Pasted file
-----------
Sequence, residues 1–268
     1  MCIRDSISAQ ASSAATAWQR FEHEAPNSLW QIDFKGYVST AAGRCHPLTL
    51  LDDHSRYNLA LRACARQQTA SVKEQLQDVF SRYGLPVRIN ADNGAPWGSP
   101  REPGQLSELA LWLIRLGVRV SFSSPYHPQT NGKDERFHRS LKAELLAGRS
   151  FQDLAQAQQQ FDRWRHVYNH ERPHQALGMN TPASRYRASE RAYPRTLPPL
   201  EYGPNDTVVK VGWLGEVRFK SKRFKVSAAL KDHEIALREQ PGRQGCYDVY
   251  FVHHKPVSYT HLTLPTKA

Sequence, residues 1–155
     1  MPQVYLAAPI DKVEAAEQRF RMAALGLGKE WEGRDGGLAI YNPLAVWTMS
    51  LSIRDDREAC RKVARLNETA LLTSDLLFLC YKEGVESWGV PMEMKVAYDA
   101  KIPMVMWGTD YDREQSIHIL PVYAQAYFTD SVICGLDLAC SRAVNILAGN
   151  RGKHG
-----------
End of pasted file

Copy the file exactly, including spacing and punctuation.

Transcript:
Sequence, residues 1–268
     1  MCIRDSISAQ ASSAATAWQR FEHEAPNSLW QIDFKGYVST AAGRCHPLTL
    51  LDDHSRYNLA LRACARQQTA SVKEQLQDVF SRYGLPVRIN ADNGAPWGSP
   101  REPGQLSELA LWLIRLGVRV SFSSPYHPQT NGKDERFHRS LKAELLAGRS
   151  FQDLAQAQQQ FDRWRHVYNH ERPHQALGMN TPASRYRASE RAYPRTLPPL
   201  EYGPNDTVVK VGWLGEVRFK SKRFKVSAAL KDHEIALREQ PGRQGCYDVY
   251  FVHHKPVSYT HLTLPTKA

Sequence, residues 1–155
     1  MPQVYLAAPI DKVEAAEQRF RMAALGLGKE WEGRDGGLAI YNPLAVWTMS
    51  LSIRDDREAC RKVARLNETA LLTSDLLFLC YKEGVESWGV PMEMKVAYDA
   101  KIPMVMWGTD YDREQSIHIL PVYAQAYFTD SVICGLDLAC SRAVNILAGN
   151  RGKHG